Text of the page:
From: southernnationalcongress.org – email@example.com
Date: Thu, Sep 23, 2010
We Hold These Truths: Weekly Commentary & News Analysis from the Southern National Congress
Were the Anti-Federalists Wrong?
Wayne D. Carlson
In the great debates that occurred in each of the 13 Independent Republics, to consider the momentous question of rejection or ratification of the newly proposed Constitution in 1787, there were no small number of great and learned men that vehemently opposed, and warned George Mason – A Virginia Anti-Federalist against, the adoption of that document. History remembers them as the "Antifederalists". In Virginia alone, no less than "the trumpet of the Revolution", Patrick Henry stood opposed. George Mason, who is credited with writing the Virginia Bill of Rights which became the model for the Constitution’s, joined him in opposition. It was Richard Henry Lee that first presented to Congress, in June of 1776, the resolution that the thirteen "United Colonies are, and of right ought to be, free and independent States." He too, joined Henry and Mason in principled objection to ratification of the Constitution, as written. As editor Isaac Kramnick states in the introduction to The Federalist Papers, "In state after state, often only a handful of votes separated the pro-Constitution forces and the defeated opponents of the Constitution. In light of the growing centralization and tyranny of the Federal government today, perhaps it is high time we considered some of the arguments of those like Henry who said, "I smell a rat".
Professor Marshall L. DeRosa, in his 1991 "The Confederate Constitution of 1861:An Inquiry into American Constitutionalism", notes that the primary objection of those opposing this new Constitution, lay in its ambiguity concerning the "locus", or place, in which ultimate sovereignty resided. Sovereignty, of course, denotes supreme political authority, which the Antifederalists were anxious to preserve to their States.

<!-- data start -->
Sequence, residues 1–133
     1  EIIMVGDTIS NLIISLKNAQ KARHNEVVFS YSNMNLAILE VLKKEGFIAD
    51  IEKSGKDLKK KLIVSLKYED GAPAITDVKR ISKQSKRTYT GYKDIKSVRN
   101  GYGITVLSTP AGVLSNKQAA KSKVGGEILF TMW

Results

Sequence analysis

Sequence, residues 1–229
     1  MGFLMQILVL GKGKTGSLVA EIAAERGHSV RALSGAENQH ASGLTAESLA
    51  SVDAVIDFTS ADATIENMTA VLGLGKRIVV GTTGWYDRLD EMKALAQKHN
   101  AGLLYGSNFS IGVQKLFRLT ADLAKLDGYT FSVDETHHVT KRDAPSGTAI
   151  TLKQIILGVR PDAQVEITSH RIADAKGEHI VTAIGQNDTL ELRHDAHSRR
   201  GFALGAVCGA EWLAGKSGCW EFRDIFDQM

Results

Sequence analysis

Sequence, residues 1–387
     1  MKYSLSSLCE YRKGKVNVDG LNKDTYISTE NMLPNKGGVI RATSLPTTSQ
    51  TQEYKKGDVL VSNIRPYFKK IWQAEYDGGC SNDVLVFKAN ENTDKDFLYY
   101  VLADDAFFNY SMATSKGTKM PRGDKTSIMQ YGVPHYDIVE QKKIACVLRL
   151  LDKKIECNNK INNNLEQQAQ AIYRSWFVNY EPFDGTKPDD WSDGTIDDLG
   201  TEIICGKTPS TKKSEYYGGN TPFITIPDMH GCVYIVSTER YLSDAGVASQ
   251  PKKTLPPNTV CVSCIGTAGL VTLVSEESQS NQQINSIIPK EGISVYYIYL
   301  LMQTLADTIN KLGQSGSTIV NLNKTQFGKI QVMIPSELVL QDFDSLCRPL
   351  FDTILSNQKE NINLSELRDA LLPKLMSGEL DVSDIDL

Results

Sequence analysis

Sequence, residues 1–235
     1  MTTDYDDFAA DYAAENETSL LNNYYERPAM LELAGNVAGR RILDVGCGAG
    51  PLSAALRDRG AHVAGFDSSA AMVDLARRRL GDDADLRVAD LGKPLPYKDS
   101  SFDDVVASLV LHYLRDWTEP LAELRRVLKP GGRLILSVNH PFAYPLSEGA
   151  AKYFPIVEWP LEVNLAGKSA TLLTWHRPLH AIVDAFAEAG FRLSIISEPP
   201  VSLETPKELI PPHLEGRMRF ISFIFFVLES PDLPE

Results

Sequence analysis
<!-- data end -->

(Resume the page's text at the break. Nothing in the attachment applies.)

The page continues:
Under the first Constitution called "The Articles of Confederation", there was no question where sovereignty lay. Article II expressly declared, "Each state retains its sovereignty, freedom and independence." John Adams would write, "No one thought of consolidating this vast continent under one national government." Indeed, each State had separate cultural, institutional, and religious traditions. Their unity had only been limited to their common connection to Britain and their common struggle to free themselves from her growing threats to their liberties. These "rebel patriots" were united in the belief that liberty could only flourish when government power was restrained. Yet, by 1787, most agreed that the Articles of Confederation needed revising so that the powers of the central government could be enlarged to deal with problems that were not being addressed under the current system.
The transfer of power from the States to the central government under the proposed Constitution failed to clarify the question of whether the States retained the reserved right to reclaim their sovereign powers in the event the people felt it in their best interests to do so. It was this ambiguity that prompted the Antifederalists to insist upon the adoption of a "Bill of Rights". The 10th Amendment, remember, declares that those powers not expressly delegated to the central government, nor prohibited to the States, were reserved to the States and the people. It seems pretty clear to me that this should have settled the question forever. The centrists and ultra Nationalists, however, chose to ignore this some 70 years later when a new generation of "rebel patriots" arose to throw off the threats to their rights and liberties. In failing, they nonetheless reminded us that a question settled by violence resolves nothing.